Many years ago I attended an Episcopalian weekend retreat in which we were asked to do something unusual. We were given a piece of paper and asked to write on it a personal concern without giving our name, fold it, and put it in a basket. The baskets were circulated, and we were then asked to select a piece of paper from the basket, read the concern, and pray for that person. We were being asked to pray for a stranger. The paper I read was a confession of self loathing. I was distressed by it. I couldn’t imagine who, in that congregation, could feel so terribly about themselves. I offered my prayer into the community of prayers said that morning in the little wood chapel in a pine forest.
Have you ever prayed for a stranger?
Recently I heard the author River Jordan speak about her memoir, Praying for Strangers. You can find it at: http://www.riverjordan.us/books/praying-for-strangers/
Jordan says she embarked on a year of praying for others reluctantly. She had always seen herself as an author, not someone who wrote about personal experiences. Yet once she began this journey—of praying for one stranger each day for a year—she felt compelled to continue the journey and to write about it. She did so by resolving each day to walk up to a complete stranger, asking for the person’s name, then asking permission to say a prayer for them that night. The results were at times moving, sometimes funny, and often poignant. One woman remarked to her, “I’m so glad you asked me. I was just praying for others this morning, and I asked God if anybody out there was listening.”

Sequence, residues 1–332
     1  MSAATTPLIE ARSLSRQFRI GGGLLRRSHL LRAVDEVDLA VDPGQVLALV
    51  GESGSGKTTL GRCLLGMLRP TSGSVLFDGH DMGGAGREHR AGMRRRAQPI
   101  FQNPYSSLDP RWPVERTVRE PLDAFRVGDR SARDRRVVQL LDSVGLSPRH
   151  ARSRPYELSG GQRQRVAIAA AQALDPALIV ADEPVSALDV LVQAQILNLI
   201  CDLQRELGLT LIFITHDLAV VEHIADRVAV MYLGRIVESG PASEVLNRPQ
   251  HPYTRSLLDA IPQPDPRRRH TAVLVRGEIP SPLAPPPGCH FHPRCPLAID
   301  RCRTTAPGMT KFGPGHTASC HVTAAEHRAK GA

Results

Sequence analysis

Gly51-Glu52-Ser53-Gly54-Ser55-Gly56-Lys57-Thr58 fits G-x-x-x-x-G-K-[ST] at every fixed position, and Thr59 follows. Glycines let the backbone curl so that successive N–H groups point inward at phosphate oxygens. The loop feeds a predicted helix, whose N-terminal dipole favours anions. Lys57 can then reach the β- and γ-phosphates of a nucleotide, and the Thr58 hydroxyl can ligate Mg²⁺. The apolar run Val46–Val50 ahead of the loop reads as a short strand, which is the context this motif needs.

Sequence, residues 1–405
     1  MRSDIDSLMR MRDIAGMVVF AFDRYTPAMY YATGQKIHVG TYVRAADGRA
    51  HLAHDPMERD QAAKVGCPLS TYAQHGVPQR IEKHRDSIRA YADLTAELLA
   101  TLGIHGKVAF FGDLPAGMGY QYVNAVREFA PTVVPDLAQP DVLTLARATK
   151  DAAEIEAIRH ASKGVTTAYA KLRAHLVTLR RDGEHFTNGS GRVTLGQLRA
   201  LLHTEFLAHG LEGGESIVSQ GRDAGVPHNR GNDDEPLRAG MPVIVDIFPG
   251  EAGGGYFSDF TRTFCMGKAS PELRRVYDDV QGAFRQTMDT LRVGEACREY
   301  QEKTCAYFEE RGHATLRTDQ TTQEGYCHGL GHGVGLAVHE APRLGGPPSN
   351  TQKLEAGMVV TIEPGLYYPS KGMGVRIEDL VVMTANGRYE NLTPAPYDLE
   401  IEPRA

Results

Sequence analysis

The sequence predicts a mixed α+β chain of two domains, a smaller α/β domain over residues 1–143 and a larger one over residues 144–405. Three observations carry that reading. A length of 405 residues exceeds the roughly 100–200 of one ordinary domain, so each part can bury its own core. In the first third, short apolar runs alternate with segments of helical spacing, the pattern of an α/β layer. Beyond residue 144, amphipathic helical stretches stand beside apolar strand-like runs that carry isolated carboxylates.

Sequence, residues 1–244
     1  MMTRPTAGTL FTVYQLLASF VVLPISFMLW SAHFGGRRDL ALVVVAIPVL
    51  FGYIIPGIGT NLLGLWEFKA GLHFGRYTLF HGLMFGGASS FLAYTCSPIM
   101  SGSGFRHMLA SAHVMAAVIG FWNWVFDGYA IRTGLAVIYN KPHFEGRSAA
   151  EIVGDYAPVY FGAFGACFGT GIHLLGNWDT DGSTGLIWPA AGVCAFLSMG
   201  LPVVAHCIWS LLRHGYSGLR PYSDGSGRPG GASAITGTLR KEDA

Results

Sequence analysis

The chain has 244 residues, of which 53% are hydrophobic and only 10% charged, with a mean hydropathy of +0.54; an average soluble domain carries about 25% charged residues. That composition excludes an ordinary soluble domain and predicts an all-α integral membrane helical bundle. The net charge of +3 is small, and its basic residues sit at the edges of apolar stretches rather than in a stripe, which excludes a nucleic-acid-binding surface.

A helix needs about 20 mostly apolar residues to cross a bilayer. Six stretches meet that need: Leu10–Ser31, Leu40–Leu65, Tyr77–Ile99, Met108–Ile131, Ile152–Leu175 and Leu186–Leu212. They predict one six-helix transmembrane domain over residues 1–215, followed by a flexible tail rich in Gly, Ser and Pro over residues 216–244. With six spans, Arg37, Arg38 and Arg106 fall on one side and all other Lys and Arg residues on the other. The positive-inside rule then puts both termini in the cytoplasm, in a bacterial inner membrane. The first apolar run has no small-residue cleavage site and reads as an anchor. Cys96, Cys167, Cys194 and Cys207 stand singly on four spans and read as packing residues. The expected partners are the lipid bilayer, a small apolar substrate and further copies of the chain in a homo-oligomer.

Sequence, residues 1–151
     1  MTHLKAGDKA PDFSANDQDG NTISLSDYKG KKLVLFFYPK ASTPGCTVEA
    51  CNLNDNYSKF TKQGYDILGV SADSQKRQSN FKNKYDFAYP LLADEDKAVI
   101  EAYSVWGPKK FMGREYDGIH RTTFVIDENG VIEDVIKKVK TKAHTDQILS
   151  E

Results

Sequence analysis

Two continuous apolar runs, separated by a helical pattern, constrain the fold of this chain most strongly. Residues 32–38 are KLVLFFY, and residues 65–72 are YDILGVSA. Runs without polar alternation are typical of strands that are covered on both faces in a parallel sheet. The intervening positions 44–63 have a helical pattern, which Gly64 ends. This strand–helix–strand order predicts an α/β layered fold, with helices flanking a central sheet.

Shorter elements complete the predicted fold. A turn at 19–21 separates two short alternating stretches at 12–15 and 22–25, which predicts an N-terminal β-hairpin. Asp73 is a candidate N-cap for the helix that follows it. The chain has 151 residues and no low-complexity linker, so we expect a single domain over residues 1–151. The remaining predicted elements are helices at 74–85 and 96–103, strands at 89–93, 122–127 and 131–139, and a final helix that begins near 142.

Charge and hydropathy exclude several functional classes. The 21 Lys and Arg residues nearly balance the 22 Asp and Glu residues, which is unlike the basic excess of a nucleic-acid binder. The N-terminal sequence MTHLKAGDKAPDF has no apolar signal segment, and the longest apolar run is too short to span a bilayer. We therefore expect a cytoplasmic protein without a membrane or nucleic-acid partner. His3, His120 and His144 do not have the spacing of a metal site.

Just for today, pray for a stranger. You may not want to walk up to a stranger and ask their name as Jordan did. Simply spot someone you see and make a mental note of that person. Or consider someone you have read or heard about in the media today who is in crisis. Tonight, at bedtime, say a prayer for them. I don’t know if praying has any demonstrable effect on the cosmos. We are sending out messages to the universe, like the Buddhist prayer flags. But praying for others does make us more mindful of the suffering of the world.. It keeps us grounded and keeps our own struggles in perspective.